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Future Without a Wheel, Pt. 1

Autonomotive Singularity- Coined by the great Alex Roy, this philosophy states that as companies strive for perfection in the automotive world, one problem that needs to be fixed is the human input. We are the biggest problem.


Traction Control, Stability Control, Automatic Braking, and Lane Control. These are all created because car companies believe us to be imperfect.

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Autonomy is the final step in the Autonomotive philosophy. Once the human element is removed, cars my continue to approach “perfection”.

But what is “perfection”? From the current trend of research and development, it can be summed up easily. It is a vehicle that requires zero input to get from A to B.

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For an enthusiast, as most of you are, this is completely the opposite. Perfection is instead a vehicle that requires the most input. (The journey, not the destination, all that jazz.) The enthusiast is a minority, and yet there is definitely some opposition to full autonomy. Let’s explore this further.

What does the general public see in a car?

Freedom.

For a country based on that mantra, this shows how central the car is to the American way of life. Having a car that you can drive away whenever you want, and go wherever you want, that is a right given by our forefathers and brought to life by Henry Ford. Every high school teenager understands the freedom inherited with car ownership. You can now drive to the movie theater without ever having to ask for a ride or *gasp* show up on time.

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Urbanites understand this, because though they may lack ownership, they still need freedom. Uber and Lyft and the venerable taxi service rely on people who refuse to travel en masse. Public transportation (barring taxis) isn’t always the most efficient for the high powered class, because time is money, and buses have no concept of time. Besides, riding with the plebs is so 1908.

Which leads into the next issue. Autonomous cars will, at least at conception, be very expensive. You are basically buying an electronic chauffeur. The common man will either be unable to afford this, or wise enough to afford it. There is no financial advantage of autonomy, unlike fuel efficiency. Safety features add to the quality of the car, but (unless you can’t keep a car on four wheels for 30 minutes at a time) it’s usually not a monetary advantage.

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But safety is important, right? Wouldn’t an autonomous car be safer than any other safety feature? Well, let’s break that down. First, let’s establish something. There will be a period in time where Autonomous and Non-Autonomous cars will share the road together. So this leads to a few problems.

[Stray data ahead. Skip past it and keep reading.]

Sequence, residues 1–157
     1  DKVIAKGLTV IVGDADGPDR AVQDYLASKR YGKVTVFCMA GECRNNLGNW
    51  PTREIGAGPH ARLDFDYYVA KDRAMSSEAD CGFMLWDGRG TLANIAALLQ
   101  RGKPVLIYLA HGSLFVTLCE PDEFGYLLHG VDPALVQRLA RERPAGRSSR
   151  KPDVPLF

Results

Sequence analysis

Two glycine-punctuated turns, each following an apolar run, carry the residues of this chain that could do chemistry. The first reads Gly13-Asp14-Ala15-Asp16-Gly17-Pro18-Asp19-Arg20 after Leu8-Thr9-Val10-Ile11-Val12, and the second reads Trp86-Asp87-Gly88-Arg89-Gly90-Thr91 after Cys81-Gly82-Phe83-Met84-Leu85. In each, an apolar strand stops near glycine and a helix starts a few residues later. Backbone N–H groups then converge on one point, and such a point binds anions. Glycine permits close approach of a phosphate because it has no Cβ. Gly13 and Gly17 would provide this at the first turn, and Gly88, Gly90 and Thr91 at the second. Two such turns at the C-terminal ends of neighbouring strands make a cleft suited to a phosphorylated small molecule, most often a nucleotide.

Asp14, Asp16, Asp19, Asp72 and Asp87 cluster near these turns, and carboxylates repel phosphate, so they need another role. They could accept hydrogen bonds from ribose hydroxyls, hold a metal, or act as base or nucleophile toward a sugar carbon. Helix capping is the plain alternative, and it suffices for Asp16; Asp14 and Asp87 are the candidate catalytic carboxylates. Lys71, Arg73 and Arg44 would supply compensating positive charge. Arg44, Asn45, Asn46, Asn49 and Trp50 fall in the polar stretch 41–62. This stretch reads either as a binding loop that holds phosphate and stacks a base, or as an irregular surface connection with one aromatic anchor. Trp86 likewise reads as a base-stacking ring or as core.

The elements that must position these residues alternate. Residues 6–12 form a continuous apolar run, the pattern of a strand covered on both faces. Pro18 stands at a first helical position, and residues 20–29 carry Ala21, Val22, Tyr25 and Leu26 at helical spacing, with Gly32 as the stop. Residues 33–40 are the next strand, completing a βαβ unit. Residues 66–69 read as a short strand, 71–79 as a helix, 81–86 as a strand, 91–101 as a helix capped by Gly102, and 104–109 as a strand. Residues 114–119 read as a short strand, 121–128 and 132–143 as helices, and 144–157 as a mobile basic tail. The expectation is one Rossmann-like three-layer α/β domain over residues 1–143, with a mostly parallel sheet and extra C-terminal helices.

1. Autonomous = Accident-free. Google has found that out. Their autonomous test cars have had several accident reports show up in the news, though most are not their fault. One in particular was interesting, however. A Google test car ran into a bus because it predicted the bus to slow down like a car would, and tried to cut in front of it. Didn’t work. Also, Tesla having the first autonomous death is a big setback to convincing the public that we are ready.
  2. We will never be able to make a car smarter than we are stupid. People really are terrible drivers. Distracted Driving. Drunk Driving. Old people. There will still be accidents. But now we have no control and cannot avoid these people. We have pretty good radars for stupid. But let’s say avoidance just wasn’t possible. How do you convince someone to just let go? Literally. You no longer have control. That can be scary.
  3. We know electronics aren’t perfect. (See: any British Leyland product.) So, as good citizens would, we exploit this. Let’s make an example. Man drives his car into the back of an autonomous vehicle. Man claims that the AV was at fault. The AV cannot defend itself at that instant, and will be considered guilty until proven innocent. “It didn’t get out of my way” probably isn’t a good excuse, however.
  4. Autonomous cars must be 100% perfect to please the public. Not 87%. Not 95%. Not even 99.9%. For that would mean even if a car is ‘safe’ 99.9% of the time, there is a 0.01% chance of an accident. Does this make it any better than someone who’s is “Accident-Free”? No, but this goes back to the Letting-Go Principle. Company says 95%, people hear 5% chance of death. People tend to overact, but hey, makes my point better.
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What does this all mean then? Are we destined to drive until the fall of man? No. We just aren’t ready yet. Big Business is notorious for giving us products before they were ready. Ask anyone who has played any Battlefield game in the first week of release. Also common is the habit of giving us not what we need, but what they think we should need. Maybe we don’t need full autonomy by 2020. Maybe gradual is a good way to go. Example time. The EV1, released by GM in 1996 as the world’s first readily available EV. But since technology was’t ready yet (lead acid batteries don’t make for good weight reduction), this monstrosity instead spoiled the public to the idea of electric cars, and car companies have been fighting this stigma for the last 20 years. Autonomy could follow this path all too easily. We need to let technology catch up this time. Solution? Leave the steering wheel in for now.

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